Cinema Europe: The Other Hollywood (1995– )
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The biggest reason I wanted to see this is that the two men responsible for the show were Kevin Brownlow and David Gill--two men who are responsible for preserving so much in our film history. In fact, Brownlow just recently received and honorary Oscar for his work--and Gill, sadly, died only a few years after "Cinema Europe" debuted--and did not receive this award. Some other work they've done were the absolutely amazing films on the art and work of Harold Lloyd, Buster Keaton and Chaplin--as well as non-comedians D.W. Griffith and Mary Pickford. They have helped our generation remember and celebrate these brilliant early film makers and actors.
"Cinema Europe" is about the earliest days of European film up to about the time of Nazi rule in Germany. So, while the box are says it's about the silent era, episode six ALSO includes the transition to sound and the early sound films. It's narrated by Kenneth Branagh (who did a great job) and has many film clips--almost all of which were nearly pristine. But it's improved more through the use of various interviews made for the film AND which had been done through the years by various film makers who had died well before the series was created. It took a lot of work to assemble all this--that's for sure.
While I adore this series and wish I had my own copy, I won't lie and say it's perfect--even though I gave it a 10 (it is without equal--that's why it merits a 10). The shows often give spoilers, so if you haven't seen a great silent film like "The Cabinet of Dr. Caligari", you might not want to as the show tells the surprise ending!! This is not cool. Also, the DVD has no captions of any type--and with some of the thick accents of the people in the show, it would be appreciated--especially with someone like me who is hard of hearing. Still, it's great...see this film.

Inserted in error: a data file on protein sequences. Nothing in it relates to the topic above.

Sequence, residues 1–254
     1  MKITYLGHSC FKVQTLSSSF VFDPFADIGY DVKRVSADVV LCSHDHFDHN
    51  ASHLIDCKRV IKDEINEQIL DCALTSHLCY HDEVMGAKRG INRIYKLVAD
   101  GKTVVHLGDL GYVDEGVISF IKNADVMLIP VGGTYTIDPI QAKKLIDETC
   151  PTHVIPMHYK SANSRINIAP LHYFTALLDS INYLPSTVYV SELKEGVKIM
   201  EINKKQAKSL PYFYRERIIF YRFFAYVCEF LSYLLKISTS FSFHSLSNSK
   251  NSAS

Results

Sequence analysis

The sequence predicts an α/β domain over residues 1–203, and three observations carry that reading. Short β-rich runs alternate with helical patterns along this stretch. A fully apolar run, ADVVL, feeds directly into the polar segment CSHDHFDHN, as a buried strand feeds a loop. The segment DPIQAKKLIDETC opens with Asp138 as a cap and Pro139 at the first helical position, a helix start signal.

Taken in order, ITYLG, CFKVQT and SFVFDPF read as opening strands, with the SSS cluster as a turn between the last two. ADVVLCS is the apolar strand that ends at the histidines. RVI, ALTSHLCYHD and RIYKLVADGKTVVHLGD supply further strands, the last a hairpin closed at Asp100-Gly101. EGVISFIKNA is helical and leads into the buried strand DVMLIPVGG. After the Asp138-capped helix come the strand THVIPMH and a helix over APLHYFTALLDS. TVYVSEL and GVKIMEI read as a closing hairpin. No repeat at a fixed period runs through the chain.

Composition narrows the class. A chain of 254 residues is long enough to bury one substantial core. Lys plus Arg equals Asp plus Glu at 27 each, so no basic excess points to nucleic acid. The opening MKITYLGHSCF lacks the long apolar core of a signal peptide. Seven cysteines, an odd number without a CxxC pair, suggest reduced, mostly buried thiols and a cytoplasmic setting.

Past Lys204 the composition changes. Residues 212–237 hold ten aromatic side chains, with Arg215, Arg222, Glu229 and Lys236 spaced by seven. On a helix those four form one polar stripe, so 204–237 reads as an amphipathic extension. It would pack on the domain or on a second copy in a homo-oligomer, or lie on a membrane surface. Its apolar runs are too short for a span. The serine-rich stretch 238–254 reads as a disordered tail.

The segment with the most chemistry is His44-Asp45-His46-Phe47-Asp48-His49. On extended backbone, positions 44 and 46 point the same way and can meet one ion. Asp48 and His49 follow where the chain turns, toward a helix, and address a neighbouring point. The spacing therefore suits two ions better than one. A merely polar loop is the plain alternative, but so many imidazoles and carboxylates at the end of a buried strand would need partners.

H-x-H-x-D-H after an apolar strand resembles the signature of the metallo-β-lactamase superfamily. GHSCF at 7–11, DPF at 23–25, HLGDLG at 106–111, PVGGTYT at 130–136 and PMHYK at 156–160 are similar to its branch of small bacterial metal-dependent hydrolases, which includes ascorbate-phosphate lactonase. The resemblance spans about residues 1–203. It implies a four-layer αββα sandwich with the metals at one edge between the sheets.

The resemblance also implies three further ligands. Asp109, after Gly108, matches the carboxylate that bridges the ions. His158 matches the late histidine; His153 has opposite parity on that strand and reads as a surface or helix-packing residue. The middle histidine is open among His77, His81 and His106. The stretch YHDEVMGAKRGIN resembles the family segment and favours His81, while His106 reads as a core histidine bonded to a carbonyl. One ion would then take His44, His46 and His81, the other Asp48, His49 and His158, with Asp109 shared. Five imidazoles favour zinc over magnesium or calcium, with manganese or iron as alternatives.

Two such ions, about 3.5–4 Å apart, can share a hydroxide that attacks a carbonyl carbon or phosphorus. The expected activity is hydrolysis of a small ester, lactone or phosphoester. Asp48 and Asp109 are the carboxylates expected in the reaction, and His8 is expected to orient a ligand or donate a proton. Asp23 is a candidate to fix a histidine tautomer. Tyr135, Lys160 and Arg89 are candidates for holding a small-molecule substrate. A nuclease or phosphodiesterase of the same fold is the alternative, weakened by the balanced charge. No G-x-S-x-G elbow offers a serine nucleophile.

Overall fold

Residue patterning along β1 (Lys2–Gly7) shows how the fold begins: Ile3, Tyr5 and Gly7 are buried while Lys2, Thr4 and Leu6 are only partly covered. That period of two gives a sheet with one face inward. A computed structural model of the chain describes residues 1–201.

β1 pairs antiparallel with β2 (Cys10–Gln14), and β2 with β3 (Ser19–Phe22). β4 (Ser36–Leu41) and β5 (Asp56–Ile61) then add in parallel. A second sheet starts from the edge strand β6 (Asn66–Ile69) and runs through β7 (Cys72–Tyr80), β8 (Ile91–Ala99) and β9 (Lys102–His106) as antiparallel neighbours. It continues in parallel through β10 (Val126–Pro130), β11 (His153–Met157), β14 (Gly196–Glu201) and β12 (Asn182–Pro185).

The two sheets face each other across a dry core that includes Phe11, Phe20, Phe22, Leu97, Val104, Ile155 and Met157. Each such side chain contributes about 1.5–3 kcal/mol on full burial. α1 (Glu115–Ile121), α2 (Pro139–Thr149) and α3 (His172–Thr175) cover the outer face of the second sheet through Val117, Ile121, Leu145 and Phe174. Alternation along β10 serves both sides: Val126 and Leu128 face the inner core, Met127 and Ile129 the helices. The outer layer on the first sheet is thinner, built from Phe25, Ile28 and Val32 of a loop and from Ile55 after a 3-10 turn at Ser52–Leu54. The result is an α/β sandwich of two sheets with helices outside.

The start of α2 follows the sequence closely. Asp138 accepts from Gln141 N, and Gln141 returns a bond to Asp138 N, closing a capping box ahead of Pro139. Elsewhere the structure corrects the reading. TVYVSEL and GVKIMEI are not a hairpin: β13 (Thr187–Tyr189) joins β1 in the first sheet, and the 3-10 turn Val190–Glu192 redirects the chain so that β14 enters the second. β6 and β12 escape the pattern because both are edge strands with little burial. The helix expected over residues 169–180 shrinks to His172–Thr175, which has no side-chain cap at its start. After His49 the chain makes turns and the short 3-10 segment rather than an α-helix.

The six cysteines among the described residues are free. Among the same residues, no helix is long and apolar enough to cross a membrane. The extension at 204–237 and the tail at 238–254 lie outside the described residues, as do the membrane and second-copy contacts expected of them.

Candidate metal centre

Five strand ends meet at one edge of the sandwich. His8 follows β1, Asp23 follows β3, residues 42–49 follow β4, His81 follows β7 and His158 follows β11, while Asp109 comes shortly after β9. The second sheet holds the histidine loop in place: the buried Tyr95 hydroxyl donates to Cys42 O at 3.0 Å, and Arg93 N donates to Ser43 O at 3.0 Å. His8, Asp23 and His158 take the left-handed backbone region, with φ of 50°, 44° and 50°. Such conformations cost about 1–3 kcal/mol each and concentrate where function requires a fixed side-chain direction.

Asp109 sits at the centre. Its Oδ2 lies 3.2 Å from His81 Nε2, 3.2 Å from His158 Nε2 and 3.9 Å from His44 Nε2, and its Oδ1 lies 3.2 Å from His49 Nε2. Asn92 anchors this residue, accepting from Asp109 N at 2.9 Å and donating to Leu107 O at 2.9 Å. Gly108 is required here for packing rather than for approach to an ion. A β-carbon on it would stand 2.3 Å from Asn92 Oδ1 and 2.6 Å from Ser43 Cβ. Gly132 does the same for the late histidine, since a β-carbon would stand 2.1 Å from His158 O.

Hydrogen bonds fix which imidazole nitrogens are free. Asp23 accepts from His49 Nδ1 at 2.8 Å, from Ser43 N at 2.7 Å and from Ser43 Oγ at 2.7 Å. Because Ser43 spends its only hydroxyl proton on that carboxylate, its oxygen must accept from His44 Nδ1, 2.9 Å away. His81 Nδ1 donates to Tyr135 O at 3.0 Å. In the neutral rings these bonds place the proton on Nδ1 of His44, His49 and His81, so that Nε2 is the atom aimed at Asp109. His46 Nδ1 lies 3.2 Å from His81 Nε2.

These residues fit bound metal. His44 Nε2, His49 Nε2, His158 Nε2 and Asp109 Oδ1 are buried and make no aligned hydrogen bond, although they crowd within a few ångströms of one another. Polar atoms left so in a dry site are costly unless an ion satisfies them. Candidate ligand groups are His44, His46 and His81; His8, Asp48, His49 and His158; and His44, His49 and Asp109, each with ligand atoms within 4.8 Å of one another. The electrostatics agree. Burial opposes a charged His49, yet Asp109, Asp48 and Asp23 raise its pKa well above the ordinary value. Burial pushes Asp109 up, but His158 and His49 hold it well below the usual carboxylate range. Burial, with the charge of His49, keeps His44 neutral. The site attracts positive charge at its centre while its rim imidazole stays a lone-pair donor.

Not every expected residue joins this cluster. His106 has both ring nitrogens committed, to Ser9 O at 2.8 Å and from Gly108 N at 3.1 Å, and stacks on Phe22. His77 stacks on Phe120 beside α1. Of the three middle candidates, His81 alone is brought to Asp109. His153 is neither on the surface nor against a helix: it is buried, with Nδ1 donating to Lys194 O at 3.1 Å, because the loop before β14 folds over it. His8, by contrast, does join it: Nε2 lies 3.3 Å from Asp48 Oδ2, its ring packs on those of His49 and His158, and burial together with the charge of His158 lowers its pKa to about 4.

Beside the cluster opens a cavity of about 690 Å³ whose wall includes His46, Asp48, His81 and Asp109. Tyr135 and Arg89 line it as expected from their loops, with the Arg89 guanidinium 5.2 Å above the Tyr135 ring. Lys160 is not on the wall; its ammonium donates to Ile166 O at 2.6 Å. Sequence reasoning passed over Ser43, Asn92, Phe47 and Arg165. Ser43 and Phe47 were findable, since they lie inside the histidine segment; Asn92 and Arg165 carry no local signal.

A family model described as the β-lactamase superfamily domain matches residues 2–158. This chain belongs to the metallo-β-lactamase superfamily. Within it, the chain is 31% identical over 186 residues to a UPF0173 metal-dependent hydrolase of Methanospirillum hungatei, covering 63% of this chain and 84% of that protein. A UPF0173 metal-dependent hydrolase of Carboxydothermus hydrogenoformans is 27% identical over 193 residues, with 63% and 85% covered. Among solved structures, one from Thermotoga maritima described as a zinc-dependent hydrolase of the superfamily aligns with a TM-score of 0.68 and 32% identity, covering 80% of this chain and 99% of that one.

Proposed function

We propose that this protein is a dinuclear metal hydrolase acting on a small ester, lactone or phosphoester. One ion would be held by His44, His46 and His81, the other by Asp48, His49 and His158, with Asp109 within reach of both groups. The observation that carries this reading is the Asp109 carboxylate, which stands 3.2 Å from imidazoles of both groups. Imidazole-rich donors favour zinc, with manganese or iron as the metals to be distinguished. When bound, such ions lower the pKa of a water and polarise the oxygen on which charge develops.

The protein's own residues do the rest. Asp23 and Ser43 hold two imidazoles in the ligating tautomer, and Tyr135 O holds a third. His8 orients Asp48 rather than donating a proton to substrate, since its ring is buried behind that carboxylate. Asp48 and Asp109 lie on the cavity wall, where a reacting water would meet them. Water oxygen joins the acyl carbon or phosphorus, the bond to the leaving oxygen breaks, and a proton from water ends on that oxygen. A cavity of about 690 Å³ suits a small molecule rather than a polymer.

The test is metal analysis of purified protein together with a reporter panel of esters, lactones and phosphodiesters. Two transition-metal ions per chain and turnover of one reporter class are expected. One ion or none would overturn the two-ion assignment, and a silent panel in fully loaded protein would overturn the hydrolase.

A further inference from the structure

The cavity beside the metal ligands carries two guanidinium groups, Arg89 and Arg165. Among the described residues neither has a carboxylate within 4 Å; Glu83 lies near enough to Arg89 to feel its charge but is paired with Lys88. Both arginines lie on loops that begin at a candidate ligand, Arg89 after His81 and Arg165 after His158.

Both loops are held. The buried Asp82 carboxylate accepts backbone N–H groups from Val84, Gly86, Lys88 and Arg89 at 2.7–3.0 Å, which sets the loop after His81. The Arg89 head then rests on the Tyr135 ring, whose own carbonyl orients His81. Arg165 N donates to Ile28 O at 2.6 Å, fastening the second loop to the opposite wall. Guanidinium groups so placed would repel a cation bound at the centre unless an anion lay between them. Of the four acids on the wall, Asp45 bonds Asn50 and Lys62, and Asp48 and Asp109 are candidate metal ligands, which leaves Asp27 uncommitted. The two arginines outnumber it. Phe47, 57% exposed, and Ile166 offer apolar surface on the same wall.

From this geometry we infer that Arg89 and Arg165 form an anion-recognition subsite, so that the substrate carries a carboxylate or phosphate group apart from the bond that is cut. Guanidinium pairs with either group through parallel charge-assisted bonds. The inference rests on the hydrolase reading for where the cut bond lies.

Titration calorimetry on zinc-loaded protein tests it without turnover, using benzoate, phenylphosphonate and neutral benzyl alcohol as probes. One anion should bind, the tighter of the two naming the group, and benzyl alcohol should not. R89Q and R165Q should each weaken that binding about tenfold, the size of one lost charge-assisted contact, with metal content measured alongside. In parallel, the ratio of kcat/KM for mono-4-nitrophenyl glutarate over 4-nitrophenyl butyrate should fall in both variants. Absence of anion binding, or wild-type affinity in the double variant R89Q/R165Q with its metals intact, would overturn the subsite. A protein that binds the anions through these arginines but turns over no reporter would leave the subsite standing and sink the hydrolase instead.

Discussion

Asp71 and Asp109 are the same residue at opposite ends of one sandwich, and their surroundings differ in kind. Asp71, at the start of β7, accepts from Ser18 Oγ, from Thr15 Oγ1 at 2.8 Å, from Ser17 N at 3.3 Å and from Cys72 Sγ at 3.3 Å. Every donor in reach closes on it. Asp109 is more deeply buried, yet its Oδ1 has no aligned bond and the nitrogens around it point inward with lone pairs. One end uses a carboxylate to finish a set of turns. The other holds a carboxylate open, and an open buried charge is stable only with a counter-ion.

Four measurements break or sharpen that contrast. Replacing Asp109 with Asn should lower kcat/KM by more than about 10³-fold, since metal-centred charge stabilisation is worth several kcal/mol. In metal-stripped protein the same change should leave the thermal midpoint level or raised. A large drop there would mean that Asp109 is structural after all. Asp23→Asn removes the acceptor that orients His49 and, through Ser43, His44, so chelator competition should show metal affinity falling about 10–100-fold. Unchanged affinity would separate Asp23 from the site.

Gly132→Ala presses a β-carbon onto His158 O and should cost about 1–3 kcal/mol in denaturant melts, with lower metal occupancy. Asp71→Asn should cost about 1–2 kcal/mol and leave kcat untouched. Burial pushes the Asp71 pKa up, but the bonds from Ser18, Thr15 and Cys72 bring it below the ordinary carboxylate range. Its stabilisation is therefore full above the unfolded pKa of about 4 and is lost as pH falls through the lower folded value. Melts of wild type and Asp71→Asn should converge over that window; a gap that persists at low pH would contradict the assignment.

The film is in six parts. The first covering the birth of cinema in Europe, the second one is about the Swedish silent film industry, the third one about the German Masters, the fourth one about France, the fifth one about Britain and the last one about the death of silent cinema and the arrival of sound.
One would expect that the German part would be the best of the six but it was unfortunately one of the least interesting, IMO. This may have something to do with the fact that I knew the German story quite well, but I just felt that it lacked insight and a clear direction. The same goes for the Swedish part. The narrator spends most of the time retelling the plot of the films in question, including their end.
The France and English parts are pure pleasure to watch. They are full of well based social insight and focus more on techniques and experiments than story lines. The British one is admirably honest and at part quite funny.
The transfer of the films they show is exceptionally good and the collections of the shots they gather together here is a goldmine. Many of the films shown from in the documentary are still not available on VHS or DVD.
On the down side though, I felt they often chose wrong scenes from the films they picked, and left out much superior scenes, but such is always a matter of opinion.
Cinema Europe is a true gem which I'm going to revisit again and again in the future. It should be on the shelf of any serious film buff.